José, with his 35 years, dreams of driving a convertible silver Audi. His eyes are open, it was not difficult for him to come back to reality when his fan stopped due to a blackout. The heat of the night activates his brain. He thought of a solution for his existential problems.
He wanted to prosper economically, but was convinced that anything he thought up would carry him over the line to illegality, and with it, the possibility of going to prison. “If I were Mexican, I’d risk my life crossing the border,” he said to himself. But he was in Cuba, a country that strictly regulates departures from the country.
He devised a plan to cross the 90 miles of sea that separated him from his American dream. Building a rustic vessel that he generously called a boat. He invited his two best friends to join in his enterprise. Each looked for two iron tanks (55 gallons), the kind that people commonly use to store their water reserves.
They began their work in the living room of his house. First they sealed the containers with no more than 20 liters of water inside. Then, they joined them together with angle brackets leaving space between them to put inflatable truck tires. They only lacked the installation of the keel to break the waves, when they heard a knock at the door.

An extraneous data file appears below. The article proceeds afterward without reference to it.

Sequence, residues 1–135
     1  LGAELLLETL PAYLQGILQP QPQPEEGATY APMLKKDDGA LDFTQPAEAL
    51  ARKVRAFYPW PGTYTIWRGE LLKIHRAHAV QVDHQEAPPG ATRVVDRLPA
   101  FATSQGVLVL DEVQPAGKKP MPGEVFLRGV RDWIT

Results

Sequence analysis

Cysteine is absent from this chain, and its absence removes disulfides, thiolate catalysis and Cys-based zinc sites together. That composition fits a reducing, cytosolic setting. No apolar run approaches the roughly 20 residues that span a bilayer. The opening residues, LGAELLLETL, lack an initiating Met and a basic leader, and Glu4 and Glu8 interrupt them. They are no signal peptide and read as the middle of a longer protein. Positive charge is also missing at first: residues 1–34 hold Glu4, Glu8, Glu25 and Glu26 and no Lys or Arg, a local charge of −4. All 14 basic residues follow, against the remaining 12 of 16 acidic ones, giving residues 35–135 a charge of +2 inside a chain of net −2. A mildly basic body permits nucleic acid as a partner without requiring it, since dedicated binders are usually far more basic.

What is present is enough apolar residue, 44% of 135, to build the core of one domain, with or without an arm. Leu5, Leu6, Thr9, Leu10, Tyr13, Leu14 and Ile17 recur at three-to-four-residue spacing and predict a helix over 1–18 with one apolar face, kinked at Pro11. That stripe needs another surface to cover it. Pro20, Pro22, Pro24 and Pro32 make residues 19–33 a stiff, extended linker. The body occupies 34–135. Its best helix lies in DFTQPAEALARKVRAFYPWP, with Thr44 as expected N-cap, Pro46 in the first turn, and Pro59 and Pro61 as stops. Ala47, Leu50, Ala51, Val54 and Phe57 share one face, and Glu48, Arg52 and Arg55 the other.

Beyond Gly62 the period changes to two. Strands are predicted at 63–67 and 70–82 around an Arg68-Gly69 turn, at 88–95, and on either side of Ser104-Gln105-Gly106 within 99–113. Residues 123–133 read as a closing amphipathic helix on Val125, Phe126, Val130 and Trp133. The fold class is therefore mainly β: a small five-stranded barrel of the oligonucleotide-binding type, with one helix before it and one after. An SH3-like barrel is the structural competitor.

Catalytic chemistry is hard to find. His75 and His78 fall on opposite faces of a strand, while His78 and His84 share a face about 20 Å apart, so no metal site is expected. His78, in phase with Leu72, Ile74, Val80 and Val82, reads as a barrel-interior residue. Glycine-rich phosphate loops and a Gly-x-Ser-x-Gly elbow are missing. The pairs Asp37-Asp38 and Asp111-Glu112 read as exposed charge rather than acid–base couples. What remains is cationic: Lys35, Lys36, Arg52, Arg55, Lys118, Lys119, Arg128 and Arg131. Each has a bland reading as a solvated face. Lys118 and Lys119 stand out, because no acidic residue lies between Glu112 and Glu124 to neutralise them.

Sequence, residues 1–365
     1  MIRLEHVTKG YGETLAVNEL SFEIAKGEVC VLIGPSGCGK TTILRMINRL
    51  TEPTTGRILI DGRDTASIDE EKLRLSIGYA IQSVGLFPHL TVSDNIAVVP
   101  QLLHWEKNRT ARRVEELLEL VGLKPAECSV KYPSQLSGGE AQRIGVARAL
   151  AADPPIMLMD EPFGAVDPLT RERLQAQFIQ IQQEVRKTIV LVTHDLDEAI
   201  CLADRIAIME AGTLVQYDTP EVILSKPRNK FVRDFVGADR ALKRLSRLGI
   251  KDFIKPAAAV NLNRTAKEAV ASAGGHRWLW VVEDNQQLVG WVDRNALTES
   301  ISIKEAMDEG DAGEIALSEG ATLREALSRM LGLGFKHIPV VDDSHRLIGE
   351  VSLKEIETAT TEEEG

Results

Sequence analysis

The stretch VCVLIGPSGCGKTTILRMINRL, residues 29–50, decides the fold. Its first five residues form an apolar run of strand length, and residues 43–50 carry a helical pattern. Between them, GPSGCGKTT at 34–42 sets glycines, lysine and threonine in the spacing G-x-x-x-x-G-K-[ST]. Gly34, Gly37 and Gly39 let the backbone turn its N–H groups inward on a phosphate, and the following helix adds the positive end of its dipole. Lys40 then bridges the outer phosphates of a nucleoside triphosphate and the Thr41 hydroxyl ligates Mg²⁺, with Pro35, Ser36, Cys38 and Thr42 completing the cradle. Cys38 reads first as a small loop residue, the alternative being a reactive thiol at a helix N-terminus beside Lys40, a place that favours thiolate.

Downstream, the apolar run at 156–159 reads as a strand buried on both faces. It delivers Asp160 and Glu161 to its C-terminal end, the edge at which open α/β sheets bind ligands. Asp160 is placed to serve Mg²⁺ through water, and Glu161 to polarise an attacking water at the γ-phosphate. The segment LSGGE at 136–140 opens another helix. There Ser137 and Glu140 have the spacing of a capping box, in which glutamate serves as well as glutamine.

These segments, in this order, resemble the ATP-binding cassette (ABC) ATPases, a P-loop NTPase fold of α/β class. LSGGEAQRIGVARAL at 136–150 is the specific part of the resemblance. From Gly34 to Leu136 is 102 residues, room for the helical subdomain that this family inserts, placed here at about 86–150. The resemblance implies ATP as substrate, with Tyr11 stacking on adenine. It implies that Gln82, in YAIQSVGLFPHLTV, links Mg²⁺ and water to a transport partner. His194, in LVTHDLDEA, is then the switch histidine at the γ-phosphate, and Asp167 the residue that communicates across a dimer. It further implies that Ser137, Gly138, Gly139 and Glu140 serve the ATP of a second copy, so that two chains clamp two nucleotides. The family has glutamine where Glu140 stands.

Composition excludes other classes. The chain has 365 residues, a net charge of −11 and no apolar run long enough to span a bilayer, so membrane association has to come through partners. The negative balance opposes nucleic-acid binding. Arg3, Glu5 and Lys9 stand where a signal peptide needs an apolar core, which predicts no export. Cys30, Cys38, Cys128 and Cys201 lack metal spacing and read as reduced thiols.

They jumped out of their skin when they saw the chief of the sector, accompanied by two policemen in a patrol car. First they said that neighbors had complained about the noise of hammers and engines, and then that they had information that they were building a boat to leave the country.
They came with a search warrant which they executed on the spot. They seized what didn’t look much like a boat, and took them as detainees to the police station. To their astonishment they released them five hours later, without any penalty.
They were naive, because 15 days later they received a decision from the Harbor Master imposing a fine of 3,000 pesos in national currency, for building a boat without permission.
The infraction, described as very serious, is characterized in Decree Law 194 of June 19, 1999, “Of the infractions with regard to the possession and operation of vessels in the country,” supplemented by Resolution No. 2 of December 7, 1999 of the Ministry of the Interior which establishes procedures for its implementation.
The rule issued by the Council of State, considers 14 offenses and classifies them as minor, serious and very serious, punishable by fines ranging from 500 pesos to 10,000 pesos, including the possibility of subsidiary punishment of forfeiture. The Harbor Master is authorized to implement the sanctions.
José added to his already overwhelming economic problems a fine that exceeds what he could legally earn in a year. They say it costs nothing to dream, but trying to realize a dream can be very expensive.
Translated by Rick Schwag and Ivana Recmanova
December 25 2010